Soviet Union (former) White-Collar Workers
Sources: The Library of Congress Country Studies; CIA World Factbook
Soviet sociologists have grouped many of those who perform nonmanual labor into a category comparable to Western "white-collar workers." The approximately 25 million members of this group ranged from specialists who possessed high educational qualifications to administrators and clerks. The group included the majority of party and government bureaucrats, teachers, scientists, scholars, physicians, military and police officers, artists, writers, actors, and business managers. In the late 1980s, about 30 percent of white-collar workers belonged to the CPSU; the more prestigious occupations within this group had the highest percentage of CPSU members. White-collar workers on the average received higher wages and more privileges than the average Soviet worker, although physicians and schoolteachers who were just starting out earned less than the national average for all employees.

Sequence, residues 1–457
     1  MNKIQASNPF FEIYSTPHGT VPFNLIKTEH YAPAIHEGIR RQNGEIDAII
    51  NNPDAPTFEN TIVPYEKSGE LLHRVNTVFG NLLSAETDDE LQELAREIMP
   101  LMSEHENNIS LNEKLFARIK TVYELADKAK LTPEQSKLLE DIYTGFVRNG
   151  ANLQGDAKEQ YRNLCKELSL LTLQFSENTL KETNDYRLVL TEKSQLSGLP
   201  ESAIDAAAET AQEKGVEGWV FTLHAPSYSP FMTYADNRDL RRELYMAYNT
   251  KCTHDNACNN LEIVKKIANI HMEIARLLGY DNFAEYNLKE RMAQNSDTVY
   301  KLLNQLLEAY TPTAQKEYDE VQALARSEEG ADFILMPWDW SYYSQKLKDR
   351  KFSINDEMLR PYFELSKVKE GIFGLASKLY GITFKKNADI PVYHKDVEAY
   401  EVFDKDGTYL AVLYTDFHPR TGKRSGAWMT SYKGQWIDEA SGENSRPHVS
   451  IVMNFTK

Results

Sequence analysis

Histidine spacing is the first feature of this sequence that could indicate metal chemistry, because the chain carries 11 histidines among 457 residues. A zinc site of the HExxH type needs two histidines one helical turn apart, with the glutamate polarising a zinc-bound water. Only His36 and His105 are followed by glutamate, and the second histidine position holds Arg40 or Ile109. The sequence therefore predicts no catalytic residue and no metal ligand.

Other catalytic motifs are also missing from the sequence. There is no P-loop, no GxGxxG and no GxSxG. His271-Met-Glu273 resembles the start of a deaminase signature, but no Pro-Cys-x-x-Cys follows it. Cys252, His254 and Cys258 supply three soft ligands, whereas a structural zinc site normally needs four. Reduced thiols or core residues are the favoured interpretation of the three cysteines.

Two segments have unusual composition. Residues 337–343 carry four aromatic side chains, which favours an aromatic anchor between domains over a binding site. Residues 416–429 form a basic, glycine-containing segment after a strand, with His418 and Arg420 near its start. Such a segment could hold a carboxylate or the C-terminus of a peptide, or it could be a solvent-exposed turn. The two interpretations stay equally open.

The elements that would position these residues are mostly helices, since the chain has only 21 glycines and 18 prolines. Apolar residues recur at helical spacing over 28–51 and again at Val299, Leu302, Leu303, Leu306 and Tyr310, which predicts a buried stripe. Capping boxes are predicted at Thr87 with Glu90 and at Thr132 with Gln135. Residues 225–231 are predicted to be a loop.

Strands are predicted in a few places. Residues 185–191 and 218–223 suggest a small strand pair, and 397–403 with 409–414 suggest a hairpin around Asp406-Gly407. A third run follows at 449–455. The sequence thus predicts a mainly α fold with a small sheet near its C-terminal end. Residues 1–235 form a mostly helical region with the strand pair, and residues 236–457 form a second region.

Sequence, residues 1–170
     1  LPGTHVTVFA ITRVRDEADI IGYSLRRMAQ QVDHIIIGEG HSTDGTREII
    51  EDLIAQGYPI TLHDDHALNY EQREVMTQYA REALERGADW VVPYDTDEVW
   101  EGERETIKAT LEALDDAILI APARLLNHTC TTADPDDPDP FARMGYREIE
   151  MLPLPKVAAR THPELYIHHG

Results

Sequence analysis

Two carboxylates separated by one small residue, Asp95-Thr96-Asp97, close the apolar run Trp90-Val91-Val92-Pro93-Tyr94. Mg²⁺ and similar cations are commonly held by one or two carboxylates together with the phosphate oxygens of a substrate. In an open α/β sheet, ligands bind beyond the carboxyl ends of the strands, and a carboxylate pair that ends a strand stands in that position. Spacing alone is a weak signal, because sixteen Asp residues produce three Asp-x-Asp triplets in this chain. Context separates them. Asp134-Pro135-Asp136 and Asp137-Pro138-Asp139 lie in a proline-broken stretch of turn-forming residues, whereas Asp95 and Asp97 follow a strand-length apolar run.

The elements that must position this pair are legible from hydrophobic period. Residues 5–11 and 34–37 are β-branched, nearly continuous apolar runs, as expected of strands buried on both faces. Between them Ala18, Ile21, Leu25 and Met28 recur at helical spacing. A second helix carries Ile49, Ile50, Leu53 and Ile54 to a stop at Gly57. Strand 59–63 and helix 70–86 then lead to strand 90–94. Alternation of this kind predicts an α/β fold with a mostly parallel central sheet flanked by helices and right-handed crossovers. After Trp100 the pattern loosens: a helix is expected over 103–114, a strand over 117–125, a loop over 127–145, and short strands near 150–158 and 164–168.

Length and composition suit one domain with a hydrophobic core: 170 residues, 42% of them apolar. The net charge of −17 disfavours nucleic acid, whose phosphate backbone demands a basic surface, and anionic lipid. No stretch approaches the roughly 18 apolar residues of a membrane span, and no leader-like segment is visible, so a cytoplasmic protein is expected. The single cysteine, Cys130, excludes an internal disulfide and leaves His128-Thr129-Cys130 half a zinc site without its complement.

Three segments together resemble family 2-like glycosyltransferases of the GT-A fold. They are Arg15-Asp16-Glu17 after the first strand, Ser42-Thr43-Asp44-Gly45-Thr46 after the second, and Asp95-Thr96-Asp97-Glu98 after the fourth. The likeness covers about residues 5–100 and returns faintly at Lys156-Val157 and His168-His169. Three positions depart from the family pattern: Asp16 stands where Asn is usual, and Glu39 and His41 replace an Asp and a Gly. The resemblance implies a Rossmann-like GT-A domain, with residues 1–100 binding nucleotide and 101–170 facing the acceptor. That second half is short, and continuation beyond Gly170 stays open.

Data as of May 1989
NOTE: The information regarding Soviet Union (former) on this page is re-published from The Library of Congress Country Studies and the CIA World Factbook. No claims are made regarding the accuracy of Soviet Union (former) White-Collar Workers information contained here. All suggestions for corrections of any errors about Soviet Union (former) White-Collar Workers should be addressed to the Library of Congress and the CIA.